George Packer has written a long essay in the New Yorker called, "The Fall of Conservatism." Dan Flynn has written a post on Packer's essay. AmSpecBlog has some interesting posts on the essay here, here, here, here and here.
To sum up the essay up briefly, Packer concludes correctly that conservatism has failed, then talks to big government conservatives like David Brooks and David Frum, who suggest that the solution is for conservatives to embrace big government.
Although it is predictable that Packer, a liberal, thinks the right should become more liberal, the essay is interesting for being packed with information about the last 40 years of politics.
One thing I must object to is the idea that Nixon won over Democrat voters because he...
...adopted an undercover strategy for building a Republican majority, working to create the impression that there were two Americas: the quiet, ordinary, patriotic, religious, law-abiding Many, and the noisy, élitist, amoral, disorderly, condescending Few.
I have read elsewhere the notion that the Republicans appealed to racism and other dark passions to steal voters from the Democrats.
Nixon certainly worked hard to get Democrat votes, but even if the Republicans had not noticed that there were Democrats out there for them to steal, the Democrat Party would have lost those voters anyway. The Republicans did not so much win those voters as the Democrats lost them when they became a party of New Leftists. No way culturally conservative, pro-American voters would stay in a party that moved away from them. The real "dark side" that pieces such as Packer's never mention is the darkness of collectivism and statism adopted by the Democrat Party.
I must also object to the ever-appalling David Brooks, who calls small government conservatives "un-American." As Philip Klein responds,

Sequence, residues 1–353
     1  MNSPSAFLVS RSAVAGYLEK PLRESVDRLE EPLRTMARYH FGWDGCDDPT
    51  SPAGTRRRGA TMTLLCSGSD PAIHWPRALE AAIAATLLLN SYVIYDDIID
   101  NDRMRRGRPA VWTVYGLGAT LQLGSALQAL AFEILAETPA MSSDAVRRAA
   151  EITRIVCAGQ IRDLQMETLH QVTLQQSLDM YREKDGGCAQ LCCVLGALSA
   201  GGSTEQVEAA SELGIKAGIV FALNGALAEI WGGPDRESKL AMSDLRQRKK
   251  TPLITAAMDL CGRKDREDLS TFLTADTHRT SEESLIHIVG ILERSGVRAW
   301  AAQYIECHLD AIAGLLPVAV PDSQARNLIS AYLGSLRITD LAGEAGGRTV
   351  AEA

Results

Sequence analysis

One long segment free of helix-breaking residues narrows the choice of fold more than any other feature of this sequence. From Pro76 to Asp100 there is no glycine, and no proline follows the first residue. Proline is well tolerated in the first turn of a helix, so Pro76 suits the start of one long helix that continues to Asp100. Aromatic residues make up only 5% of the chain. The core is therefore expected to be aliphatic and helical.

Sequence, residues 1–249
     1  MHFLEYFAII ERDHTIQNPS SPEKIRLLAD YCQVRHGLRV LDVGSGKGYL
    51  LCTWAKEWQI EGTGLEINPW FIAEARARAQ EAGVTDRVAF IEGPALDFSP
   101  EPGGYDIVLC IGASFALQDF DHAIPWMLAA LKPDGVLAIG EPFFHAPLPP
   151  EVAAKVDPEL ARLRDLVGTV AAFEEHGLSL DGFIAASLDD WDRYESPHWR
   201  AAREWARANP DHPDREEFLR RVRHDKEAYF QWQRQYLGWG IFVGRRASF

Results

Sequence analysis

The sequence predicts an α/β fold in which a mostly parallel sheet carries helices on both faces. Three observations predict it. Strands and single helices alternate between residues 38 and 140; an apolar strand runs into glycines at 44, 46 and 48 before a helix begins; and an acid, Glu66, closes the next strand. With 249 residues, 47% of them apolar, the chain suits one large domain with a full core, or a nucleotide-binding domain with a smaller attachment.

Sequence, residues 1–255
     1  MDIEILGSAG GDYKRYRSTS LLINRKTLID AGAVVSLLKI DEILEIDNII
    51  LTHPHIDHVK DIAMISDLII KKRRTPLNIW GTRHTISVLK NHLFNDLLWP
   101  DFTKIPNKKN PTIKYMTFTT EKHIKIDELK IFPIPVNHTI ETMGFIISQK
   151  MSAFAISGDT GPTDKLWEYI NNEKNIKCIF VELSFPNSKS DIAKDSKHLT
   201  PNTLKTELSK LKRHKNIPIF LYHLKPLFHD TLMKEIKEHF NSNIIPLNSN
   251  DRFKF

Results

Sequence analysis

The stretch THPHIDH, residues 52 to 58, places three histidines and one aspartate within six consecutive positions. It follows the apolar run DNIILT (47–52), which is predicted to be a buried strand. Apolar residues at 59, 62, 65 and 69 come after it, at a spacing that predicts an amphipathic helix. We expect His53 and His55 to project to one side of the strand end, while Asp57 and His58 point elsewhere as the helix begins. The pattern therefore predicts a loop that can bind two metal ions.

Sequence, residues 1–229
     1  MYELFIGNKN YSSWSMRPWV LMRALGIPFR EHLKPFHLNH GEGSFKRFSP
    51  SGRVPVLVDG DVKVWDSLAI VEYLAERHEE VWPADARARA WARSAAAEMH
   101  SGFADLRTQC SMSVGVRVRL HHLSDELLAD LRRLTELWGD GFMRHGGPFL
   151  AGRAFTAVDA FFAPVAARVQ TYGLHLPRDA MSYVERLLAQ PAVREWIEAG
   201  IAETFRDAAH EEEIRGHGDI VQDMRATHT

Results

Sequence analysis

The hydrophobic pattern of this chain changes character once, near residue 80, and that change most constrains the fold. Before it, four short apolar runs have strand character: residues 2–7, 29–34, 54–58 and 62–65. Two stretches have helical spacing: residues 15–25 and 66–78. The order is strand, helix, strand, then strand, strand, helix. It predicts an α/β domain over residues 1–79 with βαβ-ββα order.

But conservatives believe in limiting the size and scope of government not because of some random whim, but because it is a necessary way of preserving liberty. Unlike anarchists, we believe that government is necessary to protect individual rights -- through a police force that catches criminals, a court system that prosecutes them and settles disputes among individuals, and a military that protects us from foreign threats. Far from being "fundamentally un-American," these are precisely the principles on which the nation was founded. The Declaration of Independence reads that "governments are instituted among men" to "secure" our unalienable rights of life, liberty, and the pursuit --not attainment -- of happiness. The U.S. Constitution also envisioned a federal government of limited scope.
The welfare state that Brooks supports came from Bismarck's Germany. Bizarre, isn't it, that he sees this foreign import as the essence of Americanism?
Of course, neither Packer nor his conservative critics get close to the fundamental reason for the failure of conservatism: the political movement has been undercut from the beginning by the ethics of altruism. Capitalism cannot be defended by an ethics of sacrifice, only by an ethics of rational self-interest. Conservatism was doomed when Buckley made religion an integral aspect of the movement.
One of the key moments of the last 40 years, the government shutdown of 1995, is a perfect example of how conservative politics are undermined by altruist ethics. The Democrats stood firm with moral righteousness -- because they knew the morality of altruism that they shared with the Republicans was on their side. Once the TV networks started showing sob stories of government workers not getting their paychecks, the Republicans collapsed like a cheap lawn chair.
After '95 came the defeat of Bob Dole in 1996. In 1997 Brooks wrote his first piece on "National Greatness Conservatism." The fight was over. The idea of limited government had lost.
Where does the fall of conservatism leave America?
It leaves us waiting for next crisis. How we respond will determine our course into the 21st century. As Mises has written, crises caused by government intervention in the economy tend to lead to further intervention and eventually dictatorship. Hayek called it the road to serfdom. I don't want things to get worse, but I expect they will.